MemberTiffany Yun-Chu Tsai

Dr. Tiffany Yun-Chu Tsai’s research on Chinese modernity and subjectivity, You Are Whom You Eat: Cannibalism in Contemporary Chinese Fiction and Film, demonstrates that contemporary writers no longer use the trope of cannibalism to illustrate the split between tradition and modernity. They instead explore it as an allegory of cooperation between tradition and modernity, while also exploring people’s desire to cannibalize – metaphorically and literally – in a market economy. At The Citadel, The Military College of South Carolina, Dr. Tsai is Assistant Professor of Chinese and Director of the Chinese Program in the Department of Modern Languages, Literatures and Cultures. She builds and teaches the curriculum of the Chinese Program, including all levels of Mandarin Chinese and advanced content courses, such as Contemporary Chinese Literature and Film, Chinese Cinema, Sinophone Cinemas, Taiwan Through Media, etc.

MemberVirginia Lamothe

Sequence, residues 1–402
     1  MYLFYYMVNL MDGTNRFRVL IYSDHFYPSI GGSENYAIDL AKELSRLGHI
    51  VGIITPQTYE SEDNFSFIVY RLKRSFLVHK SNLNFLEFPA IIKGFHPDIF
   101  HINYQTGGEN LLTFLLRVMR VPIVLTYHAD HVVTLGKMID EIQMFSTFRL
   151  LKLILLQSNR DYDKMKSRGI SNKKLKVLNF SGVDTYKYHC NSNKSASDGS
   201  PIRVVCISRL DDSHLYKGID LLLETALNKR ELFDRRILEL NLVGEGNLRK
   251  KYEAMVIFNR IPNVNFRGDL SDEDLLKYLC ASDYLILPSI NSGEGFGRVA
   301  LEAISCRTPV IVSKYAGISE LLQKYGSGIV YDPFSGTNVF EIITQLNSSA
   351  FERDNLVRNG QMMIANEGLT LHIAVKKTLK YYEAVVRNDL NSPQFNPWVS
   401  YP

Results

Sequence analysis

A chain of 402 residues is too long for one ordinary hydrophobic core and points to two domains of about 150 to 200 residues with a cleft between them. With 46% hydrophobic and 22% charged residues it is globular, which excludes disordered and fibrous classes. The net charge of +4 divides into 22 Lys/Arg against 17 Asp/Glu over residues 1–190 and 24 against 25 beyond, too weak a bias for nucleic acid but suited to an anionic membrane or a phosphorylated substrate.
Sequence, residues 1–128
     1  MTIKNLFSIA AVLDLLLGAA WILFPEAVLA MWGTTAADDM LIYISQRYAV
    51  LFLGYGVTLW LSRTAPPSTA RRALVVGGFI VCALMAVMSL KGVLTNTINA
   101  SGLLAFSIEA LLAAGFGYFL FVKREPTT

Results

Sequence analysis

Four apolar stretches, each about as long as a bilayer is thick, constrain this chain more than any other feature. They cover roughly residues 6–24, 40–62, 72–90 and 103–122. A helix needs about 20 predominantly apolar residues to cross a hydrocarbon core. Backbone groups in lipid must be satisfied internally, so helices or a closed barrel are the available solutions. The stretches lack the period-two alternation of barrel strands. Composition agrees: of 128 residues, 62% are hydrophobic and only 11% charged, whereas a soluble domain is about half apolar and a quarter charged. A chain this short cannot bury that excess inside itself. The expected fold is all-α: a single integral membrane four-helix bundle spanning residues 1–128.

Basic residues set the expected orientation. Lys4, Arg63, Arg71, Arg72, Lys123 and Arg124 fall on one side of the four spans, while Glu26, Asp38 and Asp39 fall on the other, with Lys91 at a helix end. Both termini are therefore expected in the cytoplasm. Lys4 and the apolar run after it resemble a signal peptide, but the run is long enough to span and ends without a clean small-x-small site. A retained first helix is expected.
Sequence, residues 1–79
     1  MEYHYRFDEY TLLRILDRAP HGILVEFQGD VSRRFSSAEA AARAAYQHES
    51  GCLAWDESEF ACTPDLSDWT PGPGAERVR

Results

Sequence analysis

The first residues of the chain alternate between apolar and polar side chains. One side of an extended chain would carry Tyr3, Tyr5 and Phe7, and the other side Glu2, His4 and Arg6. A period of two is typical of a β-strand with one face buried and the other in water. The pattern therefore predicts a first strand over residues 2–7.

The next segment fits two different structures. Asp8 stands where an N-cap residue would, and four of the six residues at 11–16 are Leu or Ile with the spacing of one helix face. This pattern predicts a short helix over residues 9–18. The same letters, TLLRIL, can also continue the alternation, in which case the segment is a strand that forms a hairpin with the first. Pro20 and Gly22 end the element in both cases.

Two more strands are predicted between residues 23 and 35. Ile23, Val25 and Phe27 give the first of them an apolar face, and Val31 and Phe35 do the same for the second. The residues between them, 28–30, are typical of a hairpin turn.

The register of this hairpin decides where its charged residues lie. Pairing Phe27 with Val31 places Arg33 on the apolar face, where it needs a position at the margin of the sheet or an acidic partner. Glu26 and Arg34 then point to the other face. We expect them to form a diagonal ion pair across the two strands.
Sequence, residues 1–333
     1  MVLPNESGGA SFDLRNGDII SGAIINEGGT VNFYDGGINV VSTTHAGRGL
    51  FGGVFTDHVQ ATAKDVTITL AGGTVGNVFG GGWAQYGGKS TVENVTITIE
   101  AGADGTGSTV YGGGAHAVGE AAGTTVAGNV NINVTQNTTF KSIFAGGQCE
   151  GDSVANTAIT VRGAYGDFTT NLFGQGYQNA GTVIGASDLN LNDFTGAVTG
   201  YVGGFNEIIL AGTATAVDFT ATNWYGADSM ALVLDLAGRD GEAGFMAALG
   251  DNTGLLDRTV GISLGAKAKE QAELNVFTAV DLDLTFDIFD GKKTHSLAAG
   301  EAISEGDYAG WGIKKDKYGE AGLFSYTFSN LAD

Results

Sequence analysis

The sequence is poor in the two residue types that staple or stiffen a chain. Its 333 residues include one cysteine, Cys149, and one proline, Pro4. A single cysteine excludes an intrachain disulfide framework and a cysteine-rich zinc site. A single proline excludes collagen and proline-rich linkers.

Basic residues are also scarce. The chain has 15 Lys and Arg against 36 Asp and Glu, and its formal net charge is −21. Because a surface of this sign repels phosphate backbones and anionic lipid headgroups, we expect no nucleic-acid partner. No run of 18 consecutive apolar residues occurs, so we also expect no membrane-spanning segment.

Dr. Virginia Lamothe is an Assistant Professor of Musicology at Belmont University.  Her areas of expertise include seventeenth-century opera, vaudeville and early musicals, renaissance and baroque dance, online learning pedagogy, and sound studies.  Virginia teaches courses on the history of classical music, popular music, First Year Seminar, and graduate classes in Music.  She completed her dissertation, “The Theater of Piety: Sacred Operas for the Barberini family (1632-1643)” at the University of North Carolina at Chapel Hill under the Direction of Tim Carter.  She was the recipient of a Fulbright Fellowship to Italy as well as a first-prize winner of the Lemmermann Foundation award.  She has given papers at annual meetings of the American Musicological Society, the Society for Seventeenth Century Music, international conferences in England and Italy, and specialized conferences on performance practice, pedagogy, and sound studies.  Professor Lamothe is the founder and director of the Belmont in Rome study abroad program. She has published in Oxford’s Early Music, the Journal of Seventeenth Century Music, and other volumes.  She is a co-author and co-editor of the book Curriculum Development for Teaching Online Music published by IGI Global (2018.) Currently, she is working on a book project on music at the Majestic Theater at Columbus Circle, 1903-1912. Professor Lamothe has trained in renaissance and baroque dance practice and performance with Barbara Sparti in Rome, Italy; Ken Pierce at Longy School of Music, Boston, and Carol Marsh at the University of North Carolina, Greensboro.  She teaches workshops on historical dance. Professor Lamothe serves as treasurer and webmaster for the South-Central chapter of the American Musicological Society and secretary of the Society for Seventeenth-Century Music.